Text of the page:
The senior division Best-of-Show was awarded to Syamantak Payra of Clear Brook High School in Friendswood who presented a project on “Brace Yourself: A Novel Electronically Aided Leg Orthosis.” Last May, Payra attended the Intel International Science and Engineering Fair (ISEF) in Phoenix and was named the ISEF Young Scientist Award winner where he received a $50,000 prize. Payra also attended the Texas Governor’s Science and Technology Champions Academy, a weeklong residential summer camp, also sponsored by TWC, which was held at Texas A&M University in June.

Payra recently provided some insight into what inspired him to get into studying science and why he took part in TXSEF, ISEF and the Texas Governor’s Science and Technology Champions Academy.

  • How did you first become interested in science?
    • I think I grew up with science all around me, without ever realizing that it was, actually, science. I loved cars and machines and reading about how things work, and I got an optics and magnetism set for Christmas once – I think I was in kindergarten that year. My first-grade teacher did crazy science experiments with us all the time, from ketchup-packet buoyancy to CD diffraction gratings, and she urged us to take part in the school science fair. Once I did, I was hooked, and I’ve participated every year since then. In fact, this year was my fourth year in a row competing at the Texas State Science and Engineering Fair. I just remember always having a feeling of excitement and wonder at learning things through experimentation.
  • What did you enjoy most in taking part in the Texas Science and Engineering Fair?
    • There are many rewarding aspects of participating in science fairs. To start with, you can get really helpful feedback and suggestions from judges that can look from perspectives you had never thought of before. Then, there are many interesting conversations to be had with other students and new knowledge and ideas gained from their projects. Finally, it’s always exciting and enriching to be part of an atmosphere of innovation and discovery like that in a science fair.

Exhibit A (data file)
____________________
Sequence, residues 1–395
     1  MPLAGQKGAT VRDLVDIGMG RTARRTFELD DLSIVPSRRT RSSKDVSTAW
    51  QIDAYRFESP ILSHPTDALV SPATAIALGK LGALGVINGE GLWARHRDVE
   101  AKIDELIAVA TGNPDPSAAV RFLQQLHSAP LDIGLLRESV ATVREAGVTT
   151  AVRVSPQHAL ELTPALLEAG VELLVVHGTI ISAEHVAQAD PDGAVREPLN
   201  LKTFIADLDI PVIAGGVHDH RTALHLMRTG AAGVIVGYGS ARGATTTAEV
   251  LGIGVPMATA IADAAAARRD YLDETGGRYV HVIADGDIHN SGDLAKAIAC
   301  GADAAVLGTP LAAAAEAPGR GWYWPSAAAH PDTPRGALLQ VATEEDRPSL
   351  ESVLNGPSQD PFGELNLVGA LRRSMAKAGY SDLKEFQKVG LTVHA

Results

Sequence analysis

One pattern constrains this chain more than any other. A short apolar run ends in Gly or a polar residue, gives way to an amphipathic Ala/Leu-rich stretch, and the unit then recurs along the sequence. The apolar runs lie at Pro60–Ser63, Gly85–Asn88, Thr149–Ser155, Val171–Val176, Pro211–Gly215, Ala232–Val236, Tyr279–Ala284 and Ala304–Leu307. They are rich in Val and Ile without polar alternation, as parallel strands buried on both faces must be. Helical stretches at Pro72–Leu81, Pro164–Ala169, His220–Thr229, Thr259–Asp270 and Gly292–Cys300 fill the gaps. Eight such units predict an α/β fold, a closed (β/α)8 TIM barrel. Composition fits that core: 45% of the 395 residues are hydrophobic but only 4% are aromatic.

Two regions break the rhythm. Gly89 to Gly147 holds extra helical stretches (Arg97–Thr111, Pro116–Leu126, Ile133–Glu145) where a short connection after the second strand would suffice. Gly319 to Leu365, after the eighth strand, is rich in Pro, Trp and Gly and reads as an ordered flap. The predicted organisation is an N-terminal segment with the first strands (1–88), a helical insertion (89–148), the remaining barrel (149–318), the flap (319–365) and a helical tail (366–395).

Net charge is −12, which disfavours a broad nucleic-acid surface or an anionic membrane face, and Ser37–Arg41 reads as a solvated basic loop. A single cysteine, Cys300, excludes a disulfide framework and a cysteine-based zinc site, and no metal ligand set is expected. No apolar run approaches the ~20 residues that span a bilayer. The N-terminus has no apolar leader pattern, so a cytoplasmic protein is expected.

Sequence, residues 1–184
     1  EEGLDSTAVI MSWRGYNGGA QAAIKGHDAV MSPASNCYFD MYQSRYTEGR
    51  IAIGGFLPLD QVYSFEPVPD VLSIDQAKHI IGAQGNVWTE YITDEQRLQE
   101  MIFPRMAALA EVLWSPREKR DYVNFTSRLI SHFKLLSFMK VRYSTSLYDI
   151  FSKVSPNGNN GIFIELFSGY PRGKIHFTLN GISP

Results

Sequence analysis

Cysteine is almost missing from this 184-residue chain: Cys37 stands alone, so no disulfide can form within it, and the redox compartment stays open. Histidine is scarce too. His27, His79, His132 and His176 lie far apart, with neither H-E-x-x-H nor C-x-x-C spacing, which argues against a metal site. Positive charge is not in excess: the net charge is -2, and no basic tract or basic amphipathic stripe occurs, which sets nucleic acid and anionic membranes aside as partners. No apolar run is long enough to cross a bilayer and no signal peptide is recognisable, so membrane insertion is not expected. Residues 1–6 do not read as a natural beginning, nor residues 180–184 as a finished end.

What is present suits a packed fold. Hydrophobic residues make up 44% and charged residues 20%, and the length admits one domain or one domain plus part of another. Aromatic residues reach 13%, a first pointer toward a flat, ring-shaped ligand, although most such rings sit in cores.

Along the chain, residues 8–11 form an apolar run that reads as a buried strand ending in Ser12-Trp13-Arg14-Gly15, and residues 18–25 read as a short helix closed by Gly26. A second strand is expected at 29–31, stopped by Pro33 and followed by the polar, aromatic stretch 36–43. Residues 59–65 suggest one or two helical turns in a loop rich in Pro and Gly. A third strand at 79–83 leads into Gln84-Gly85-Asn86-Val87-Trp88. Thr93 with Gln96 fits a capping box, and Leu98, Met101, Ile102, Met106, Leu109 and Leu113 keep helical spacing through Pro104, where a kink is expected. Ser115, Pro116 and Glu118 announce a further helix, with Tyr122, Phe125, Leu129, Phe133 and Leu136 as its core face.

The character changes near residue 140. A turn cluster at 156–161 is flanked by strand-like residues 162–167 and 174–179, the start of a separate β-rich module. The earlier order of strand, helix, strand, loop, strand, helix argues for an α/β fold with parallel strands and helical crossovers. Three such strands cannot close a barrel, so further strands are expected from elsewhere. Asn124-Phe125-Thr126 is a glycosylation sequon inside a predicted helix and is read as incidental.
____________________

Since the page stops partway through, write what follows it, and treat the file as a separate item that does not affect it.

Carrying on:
• Your science fair project was such a unique idea. How did you think of it?
    • Sometime last summer, I was talking with a family friend and he happened to be complaining about chronic back pain. I knew he had had polio as a child, but I learned that he had lost almost all of the muscle in his left leg and some in his right, and has to wear leg braces to be able to stand or walk. When I asked, he described how conventional braces lock the knee joint to prevent collapse, but when healthy people walk, they bend their knee – something he can’t do, and he has to do awkward, painful movements with the rest of his body to make up for it. Initially, I had started looking for a better brace for him to buy, but when I realized that the alternatives on the market are ridiculously expensive and don’t actually help the patient walk, I decided I would try my hand at the problem and make a retrofit to the conventional brace, that could detect his walking and bend his leg just like his muscles would have.
  • What has life been like after winning at ISEF?
    • I feel really blessed to have been recognized for my work; it’s great to have the validation from scientific experts that what I’m doing is on the right path. Other than that, things have been quite the same. I guess if it was senior year, I’d be getting a break, but junior year’s coming up and there’s lots of work to do, even during the summer.
  • You recently attended the Governors Champions Academy. What did you enjoy most from your experience?
    • This was my second year at the Governor’s Champions Academy, and I really enjoyed the fact that we went to completely different labs and got to interact with a whole different set of faculty and students. It was lots of fun to learn, play, and interact with other like-minded students from all across the state. In addition, it was good to get a slightly more in-depth view of behind-the-scenes workings in labs through various departments at a university than what most high-school kids would be able to see.